Announcement: I'm giving a free public lecture on telling and finding stories via data visualization at NYU on 7/15/2014. More information and registration here.
The Economist states the obvious, that the current World Cup is atypically high-scoring (or poorly defended, for anyone who've never been bothered by the goal count). They dubiously dub it the Brazil effect (link).
Perhaps in a sly vote of dissent, the graphic designer came up with this effort:
(Thanks to Arati for the tip.)
The list of problems with this chart is long but let's start with the absence of the host country and the absence of the current tournament, both conspiring against our ability to find an answer to the posed question: did Brazil make them do it?
Turns out that without 2014 on the chart, the only other year in which Brazil hosted a tournament was 1950. But 1950 is not even comparable to the modern era. In 1950, there was no knock-out stage. They had four groups in the group stage but divided into two groups of four, one group of three and one group of two. Then, four teams were selected to play a round-robin final stage. This format is so different from today's format that I find it silly to try to place them on the same chart.
This data simply provide no clue as to whether there is a Brazil effect.
The chosen design is a homework assignment for the fastidious reader. The histogram plots the absolute number of drawn matches. The number of matches played has tripled from 16 to 48 over those years so the absolute counts are highly misleading. It's worse than nothing because the accompanying article wants to make the point that we are seeing fewer draws this World Cup compared to the past. The visual presents exactly the opposite message! (Hint: Trifecta Checkup)
Unless you realize this is a homework assignment. You can take the row of numbers listed below the Cup years and compute the proportion of draws yourself. BYOC (Bring Your Own Calculator). Now, pay attention because you want to use the numbers in parentheses (the number of matches), not the first number (that of teams).
Further, don't get too distracted by the typos: in both 1982 and 1994, there were 24 teams playing, not 16 or 32. The number of matches (52 in each case) is correctly stated.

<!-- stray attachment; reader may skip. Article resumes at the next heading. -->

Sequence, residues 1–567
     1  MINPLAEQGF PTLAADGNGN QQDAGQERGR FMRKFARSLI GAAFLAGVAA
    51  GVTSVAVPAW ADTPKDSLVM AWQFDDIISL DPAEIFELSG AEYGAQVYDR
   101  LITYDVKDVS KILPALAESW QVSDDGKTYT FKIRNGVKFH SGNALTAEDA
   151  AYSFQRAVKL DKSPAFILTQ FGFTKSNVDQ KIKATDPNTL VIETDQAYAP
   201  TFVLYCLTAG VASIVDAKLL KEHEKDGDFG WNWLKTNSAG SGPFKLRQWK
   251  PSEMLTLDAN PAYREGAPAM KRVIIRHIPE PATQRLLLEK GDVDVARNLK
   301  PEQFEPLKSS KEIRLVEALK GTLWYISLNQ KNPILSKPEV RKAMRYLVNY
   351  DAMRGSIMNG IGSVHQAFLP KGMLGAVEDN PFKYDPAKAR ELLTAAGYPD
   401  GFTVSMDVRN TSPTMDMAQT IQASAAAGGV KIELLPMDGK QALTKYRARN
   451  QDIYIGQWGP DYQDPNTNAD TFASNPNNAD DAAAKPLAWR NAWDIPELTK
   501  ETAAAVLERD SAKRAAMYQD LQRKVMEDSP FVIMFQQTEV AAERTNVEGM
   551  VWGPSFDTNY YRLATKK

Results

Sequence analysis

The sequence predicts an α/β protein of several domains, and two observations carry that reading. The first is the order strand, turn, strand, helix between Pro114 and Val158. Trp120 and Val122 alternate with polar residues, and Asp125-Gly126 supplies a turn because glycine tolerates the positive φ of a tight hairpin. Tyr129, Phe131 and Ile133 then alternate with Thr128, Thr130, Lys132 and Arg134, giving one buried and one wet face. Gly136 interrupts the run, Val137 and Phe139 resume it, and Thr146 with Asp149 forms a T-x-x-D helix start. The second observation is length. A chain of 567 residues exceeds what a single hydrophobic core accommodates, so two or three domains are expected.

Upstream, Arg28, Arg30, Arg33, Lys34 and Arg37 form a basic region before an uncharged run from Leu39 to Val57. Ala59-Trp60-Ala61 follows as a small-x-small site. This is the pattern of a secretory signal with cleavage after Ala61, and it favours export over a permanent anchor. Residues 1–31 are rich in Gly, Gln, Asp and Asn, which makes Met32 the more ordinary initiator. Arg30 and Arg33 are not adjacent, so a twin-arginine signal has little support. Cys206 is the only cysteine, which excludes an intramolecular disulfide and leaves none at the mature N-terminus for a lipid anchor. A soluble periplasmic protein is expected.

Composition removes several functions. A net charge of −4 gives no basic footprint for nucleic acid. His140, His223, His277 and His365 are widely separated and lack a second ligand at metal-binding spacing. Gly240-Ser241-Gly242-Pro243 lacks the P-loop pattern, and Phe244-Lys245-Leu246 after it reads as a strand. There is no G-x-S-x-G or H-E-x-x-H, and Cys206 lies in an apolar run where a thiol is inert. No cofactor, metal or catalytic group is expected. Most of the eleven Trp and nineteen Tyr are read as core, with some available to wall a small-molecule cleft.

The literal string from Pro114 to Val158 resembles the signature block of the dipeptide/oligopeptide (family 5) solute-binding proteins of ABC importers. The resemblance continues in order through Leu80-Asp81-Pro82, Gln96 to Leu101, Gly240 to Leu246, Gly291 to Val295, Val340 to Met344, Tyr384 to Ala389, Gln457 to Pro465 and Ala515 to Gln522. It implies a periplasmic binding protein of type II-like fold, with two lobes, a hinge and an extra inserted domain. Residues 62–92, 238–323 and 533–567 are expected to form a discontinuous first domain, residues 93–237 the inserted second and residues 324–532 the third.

Wait, the designer provides the proportions at the bottom of the chart, via this device:
As usual, the bubble chart does a poor job conveying the data. I deliberately cropped out the data labels to demonstrate that the bubble element cannot stand on its own. This element fails my self-sufficiency test.
I find the legend challenging as well. The presentation should be flipped: look at the proportion of ties within each round, instead of looking at the overall proprotion of ties and then breaking those ties by round.
The so-called "knockout round" has many formats over the years. In early years, there were often two round-robin stages, followed by a smaller knockout round. Presumably the second round-robin stage has been classified as "knockout stage".
Also notice the footnote, stating that third-place games are excluded from the histogram. This is exactly how I would do it too because the third-place match is a dead rubber, in which no rational team would want to play extra-time and penalty shootout.
The trouble is inconsistency. The number of matches shown underneath the chart includes that third-place match so the homework assignment above actually has a further wrinkle: subtract one from the numbers in parentheses. The designer gets caught in this booby trap. The computed proportion of draws displayed at the bottom of the chart includes the third-place match, at odds with the histogram.
Here is a revised version of the chart:
A few observations are in order:
- The proportion of ties has been slowly declining over the last few Cups.
- The drop in proportion of ties in 2014 is not drastic.
- While the proportion of ties has dropped in the 2014 World Cup, the proportion of 0-0 ties has increased. (The gap between the two lines shows the ties with goals.)
- In later rounds, since the 1980s, the proportion of ties has been fairly stable, between 20 and 35 percent.
Another reason for separate treatment is that the knockout stage has not started yet in 2014 when this chart was published. Instead of removing all of 2014, as the Economist did, I can include the group stage for 2014 but exclude 2014 from the knockout round analysis.
In the Trifecta Checkup, this is Type DV. The data do not address the question being posed, and the visual conveys the wrong impression.
Finally, there is one glaring gap in all of this. Some time ago (the football fans can fill in the exact timing), FIFA decided to award three points for a win instead of two. This was a deliberate effort to increase the point differential between winning and drawing, supposedly to reduce the chance of ties. Any time-series exploration of the frequency of ties would clearly have to look into this issue.